Progressive prosecutors scored big wins in 2020 elections, boosting a nationwide trend
Caren Morrison, Georgia State University
Despite the broad political polarization in the United States, the 2020 election confirmed a clear movement across both red and blue America: the gains made by reform-minded prosecutors.
Running on progressive platforms that include ending mass incarceration and addressing police misconduct, candidates defeated traditional “law-and-order” prosecutors across the country.
Elected prosecutors — often called state’s attorneys or district attorneys — represent the people of a particular county in their criminal cases. Their offices work with law enforcement to investigate and try cases, determine which crimes should be prioritized and decide how punitive to be.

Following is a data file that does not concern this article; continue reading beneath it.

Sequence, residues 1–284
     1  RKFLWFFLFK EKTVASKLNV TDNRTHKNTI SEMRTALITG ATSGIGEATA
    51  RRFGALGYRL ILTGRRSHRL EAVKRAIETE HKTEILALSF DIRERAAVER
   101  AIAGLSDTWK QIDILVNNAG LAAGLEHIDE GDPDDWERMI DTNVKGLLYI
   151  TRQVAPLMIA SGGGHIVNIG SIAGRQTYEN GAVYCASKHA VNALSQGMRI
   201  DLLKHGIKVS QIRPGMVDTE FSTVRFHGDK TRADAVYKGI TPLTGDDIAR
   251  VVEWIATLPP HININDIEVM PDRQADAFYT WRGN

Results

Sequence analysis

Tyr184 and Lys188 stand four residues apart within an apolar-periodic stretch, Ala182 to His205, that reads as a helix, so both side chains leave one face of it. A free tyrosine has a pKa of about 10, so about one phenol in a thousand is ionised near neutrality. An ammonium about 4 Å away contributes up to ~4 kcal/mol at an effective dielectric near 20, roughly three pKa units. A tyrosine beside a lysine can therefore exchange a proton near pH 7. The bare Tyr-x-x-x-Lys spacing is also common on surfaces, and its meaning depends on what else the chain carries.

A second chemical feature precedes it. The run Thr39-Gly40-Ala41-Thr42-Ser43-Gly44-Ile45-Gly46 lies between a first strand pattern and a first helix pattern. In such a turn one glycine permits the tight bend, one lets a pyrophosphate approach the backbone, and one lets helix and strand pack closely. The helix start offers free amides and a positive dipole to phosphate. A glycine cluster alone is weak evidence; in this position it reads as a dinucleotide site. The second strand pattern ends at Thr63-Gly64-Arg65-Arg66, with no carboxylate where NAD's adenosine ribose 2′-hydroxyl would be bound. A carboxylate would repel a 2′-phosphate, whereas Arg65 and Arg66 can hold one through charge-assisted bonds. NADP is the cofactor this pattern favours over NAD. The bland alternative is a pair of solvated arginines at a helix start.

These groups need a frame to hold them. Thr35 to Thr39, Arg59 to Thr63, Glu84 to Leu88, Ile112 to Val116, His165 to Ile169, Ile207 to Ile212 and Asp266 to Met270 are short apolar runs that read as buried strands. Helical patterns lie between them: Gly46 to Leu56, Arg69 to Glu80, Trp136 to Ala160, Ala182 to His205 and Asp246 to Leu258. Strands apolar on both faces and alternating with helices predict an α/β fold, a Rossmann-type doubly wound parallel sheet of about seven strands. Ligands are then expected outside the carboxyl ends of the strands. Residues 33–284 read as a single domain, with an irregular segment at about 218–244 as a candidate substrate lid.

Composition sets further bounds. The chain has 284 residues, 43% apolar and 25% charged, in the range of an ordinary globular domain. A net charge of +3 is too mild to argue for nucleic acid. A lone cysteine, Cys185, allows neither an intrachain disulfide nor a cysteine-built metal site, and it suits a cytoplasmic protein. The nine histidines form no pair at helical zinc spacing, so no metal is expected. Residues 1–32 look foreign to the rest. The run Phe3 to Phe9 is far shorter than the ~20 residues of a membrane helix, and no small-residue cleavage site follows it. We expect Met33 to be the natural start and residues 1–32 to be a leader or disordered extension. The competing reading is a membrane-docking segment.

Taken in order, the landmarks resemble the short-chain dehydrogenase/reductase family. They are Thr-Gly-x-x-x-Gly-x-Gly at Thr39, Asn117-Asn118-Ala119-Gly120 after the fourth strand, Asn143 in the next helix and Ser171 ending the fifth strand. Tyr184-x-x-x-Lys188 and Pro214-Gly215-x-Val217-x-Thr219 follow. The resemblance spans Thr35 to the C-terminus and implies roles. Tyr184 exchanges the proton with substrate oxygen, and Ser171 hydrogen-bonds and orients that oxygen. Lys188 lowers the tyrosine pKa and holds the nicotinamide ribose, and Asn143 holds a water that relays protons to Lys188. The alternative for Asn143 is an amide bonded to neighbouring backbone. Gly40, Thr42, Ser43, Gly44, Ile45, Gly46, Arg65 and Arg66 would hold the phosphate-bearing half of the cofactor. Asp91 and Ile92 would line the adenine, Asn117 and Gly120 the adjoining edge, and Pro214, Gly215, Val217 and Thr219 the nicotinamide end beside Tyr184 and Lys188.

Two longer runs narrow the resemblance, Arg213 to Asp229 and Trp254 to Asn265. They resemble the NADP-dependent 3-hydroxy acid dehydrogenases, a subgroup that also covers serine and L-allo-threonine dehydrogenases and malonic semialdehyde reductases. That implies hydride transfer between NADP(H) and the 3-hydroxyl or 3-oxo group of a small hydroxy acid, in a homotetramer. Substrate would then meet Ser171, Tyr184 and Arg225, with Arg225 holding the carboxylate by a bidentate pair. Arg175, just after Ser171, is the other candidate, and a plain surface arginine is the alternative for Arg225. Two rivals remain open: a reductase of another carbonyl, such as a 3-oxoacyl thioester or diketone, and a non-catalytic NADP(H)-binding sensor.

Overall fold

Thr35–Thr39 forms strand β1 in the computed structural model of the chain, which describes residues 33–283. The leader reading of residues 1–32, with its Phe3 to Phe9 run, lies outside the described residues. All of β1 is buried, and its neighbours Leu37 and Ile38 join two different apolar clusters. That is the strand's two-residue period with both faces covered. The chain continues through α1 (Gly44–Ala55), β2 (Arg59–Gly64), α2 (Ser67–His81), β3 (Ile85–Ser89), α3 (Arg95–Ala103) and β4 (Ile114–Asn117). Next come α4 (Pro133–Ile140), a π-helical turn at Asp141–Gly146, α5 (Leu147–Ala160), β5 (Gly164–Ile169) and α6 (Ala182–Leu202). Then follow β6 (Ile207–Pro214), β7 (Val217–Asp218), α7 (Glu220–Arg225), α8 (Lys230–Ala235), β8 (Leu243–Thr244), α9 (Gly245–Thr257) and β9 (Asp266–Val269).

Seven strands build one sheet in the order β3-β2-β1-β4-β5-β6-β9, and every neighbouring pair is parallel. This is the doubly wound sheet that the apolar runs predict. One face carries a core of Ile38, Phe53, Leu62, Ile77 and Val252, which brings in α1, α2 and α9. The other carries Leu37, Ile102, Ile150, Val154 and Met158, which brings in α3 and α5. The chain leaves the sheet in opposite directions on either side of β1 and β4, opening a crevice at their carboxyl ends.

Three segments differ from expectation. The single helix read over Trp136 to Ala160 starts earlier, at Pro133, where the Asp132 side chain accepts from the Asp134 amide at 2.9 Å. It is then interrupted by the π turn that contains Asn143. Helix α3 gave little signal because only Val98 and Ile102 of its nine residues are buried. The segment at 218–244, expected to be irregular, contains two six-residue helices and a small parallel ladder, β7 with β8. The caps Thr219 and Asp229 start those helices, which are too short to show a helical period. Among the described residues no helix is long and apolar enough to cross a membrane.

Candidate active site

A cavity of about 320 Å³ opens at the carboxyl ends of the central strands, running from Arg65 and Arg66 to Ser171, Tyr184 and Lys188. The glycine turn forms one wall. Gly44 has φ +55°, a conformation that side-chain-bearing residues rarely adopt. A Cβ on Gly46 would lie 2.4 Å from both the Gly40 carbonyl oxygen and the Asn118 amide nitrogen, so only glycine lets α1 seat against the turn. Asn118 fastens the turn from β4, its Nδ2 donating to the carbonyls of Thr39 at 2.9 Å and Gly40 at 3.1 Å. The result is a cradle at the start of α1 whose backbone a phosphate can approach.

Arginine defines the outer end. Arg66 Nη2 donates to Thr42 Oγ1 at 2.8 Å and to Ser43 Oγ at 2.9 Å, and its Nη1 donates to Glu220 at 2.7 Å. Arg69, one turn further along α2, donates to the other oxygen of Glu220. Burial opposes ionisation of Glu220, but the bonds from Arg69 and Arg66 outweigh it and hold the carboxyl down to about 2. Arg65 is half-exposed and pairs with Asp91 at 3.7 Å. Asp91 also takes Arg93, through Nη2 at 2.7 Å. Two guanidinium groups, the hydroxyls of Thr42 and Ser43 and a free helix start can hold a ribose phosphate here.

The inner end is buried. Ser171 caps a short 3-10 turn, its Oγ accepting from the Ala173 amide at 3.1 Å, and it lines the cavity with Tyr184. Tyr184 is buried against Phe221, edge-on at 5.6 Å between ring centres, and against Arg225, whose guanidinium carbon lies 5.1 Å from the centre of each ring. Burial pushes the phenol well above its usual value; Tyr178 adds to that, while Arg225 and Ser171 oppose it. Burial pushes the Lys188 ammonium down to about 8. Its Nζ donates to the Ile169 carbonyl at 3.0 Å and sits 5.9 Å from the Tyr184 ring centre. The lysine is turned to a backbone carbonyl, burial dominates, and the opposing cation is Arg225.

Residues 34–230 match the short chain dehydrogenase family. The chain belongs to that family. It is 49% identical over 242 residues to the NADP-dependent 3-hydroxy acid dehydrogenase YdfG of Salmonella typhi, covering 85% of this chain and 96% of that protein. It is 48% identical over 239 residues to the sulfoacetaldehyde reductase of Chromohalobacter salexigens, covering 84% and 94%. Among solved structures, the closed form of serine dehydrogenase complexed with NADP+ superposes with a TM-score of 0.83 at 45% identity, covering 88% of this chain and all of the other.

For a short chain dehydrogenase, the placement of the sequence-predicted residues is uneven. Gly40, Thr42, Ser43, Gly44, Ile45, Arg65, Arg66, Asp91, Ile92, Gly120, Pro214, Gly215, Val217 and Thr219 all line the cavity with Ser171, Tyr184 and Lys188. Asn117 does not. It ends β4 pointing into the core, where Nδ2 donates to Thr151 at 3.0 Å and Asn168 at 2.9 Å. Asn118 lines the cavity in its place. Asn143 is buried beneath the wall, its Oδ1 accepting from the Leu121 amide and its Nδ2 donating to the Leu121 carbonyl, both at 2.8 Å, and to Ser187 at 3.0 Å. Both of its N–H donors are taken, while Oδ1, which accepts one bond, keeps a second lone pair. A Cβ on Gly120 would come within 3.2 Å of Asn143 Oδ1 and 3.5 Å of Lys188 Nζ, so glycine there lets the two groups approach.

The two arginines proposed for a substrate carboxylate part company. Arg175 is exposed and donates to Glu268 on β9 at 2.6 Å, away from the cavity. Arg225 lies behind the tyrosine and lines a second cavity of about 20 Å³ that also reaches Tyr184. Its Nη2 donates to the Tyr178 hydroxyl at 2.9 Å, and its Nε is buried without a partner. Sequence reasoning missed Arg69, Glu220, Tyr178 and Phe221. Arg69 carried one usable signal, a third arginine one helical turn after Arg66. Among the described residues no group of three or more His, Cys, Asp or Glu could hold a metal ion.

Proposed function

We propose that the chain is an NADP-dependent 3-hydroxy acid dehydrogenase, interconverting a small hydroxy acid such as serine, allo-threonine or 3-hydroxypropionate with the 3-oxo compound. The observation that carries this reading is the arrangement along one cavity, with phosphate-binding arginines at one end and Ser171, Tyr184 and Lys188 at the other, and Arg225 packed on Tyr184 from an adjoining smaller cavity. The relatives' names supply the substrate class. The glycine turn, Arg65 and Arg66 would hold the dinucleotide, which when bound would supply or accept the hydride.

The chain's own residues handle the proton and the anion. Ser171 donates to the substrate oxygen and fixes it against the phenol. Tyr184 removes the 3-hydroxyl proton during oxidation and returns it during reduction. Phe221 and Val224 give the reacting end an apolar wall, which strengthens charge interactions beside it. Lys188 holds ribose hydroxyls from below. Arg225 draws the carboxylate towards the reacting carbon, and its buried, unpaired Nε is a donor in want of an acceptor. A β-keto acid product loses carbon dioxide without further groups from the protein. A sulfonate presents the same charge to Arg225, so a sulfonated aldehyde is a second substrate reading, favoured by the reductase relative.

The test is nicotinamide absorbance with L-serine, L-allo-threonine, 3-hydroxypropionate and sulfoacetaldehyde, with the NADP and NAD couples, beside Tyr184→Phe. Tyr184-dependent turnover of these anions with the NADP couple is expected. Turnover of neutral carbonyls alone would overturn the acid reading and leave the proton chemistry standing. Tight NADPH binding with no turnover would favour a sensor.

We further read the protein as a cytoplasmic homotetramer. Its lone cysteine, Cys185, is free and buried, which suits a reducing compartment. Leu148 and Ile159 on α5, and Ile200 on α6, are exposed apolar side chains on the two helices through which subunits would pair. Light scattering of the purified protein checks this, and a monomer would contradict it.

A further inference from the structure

After decades of incumbent prosecutors winning reelection based on their high conviction rates or the long sentences they achieved, advocates for criminal justice reform began making inroads into their territory a few years ago. They did so mainly by drawing attention to local races and funding progressive challengers.
Birth of a movement
During her 2016 run for state’s attorney for Cook County, Illinois, Kim Foxx vowed to bring more accountability to police shootings and reduce prosecutions for nonviolent crimes.
She won, becoming the first Black woman to serve as state’s attorney in Chicago. It was also the first high-profile sign that this progressive prosecutorial approach was working.
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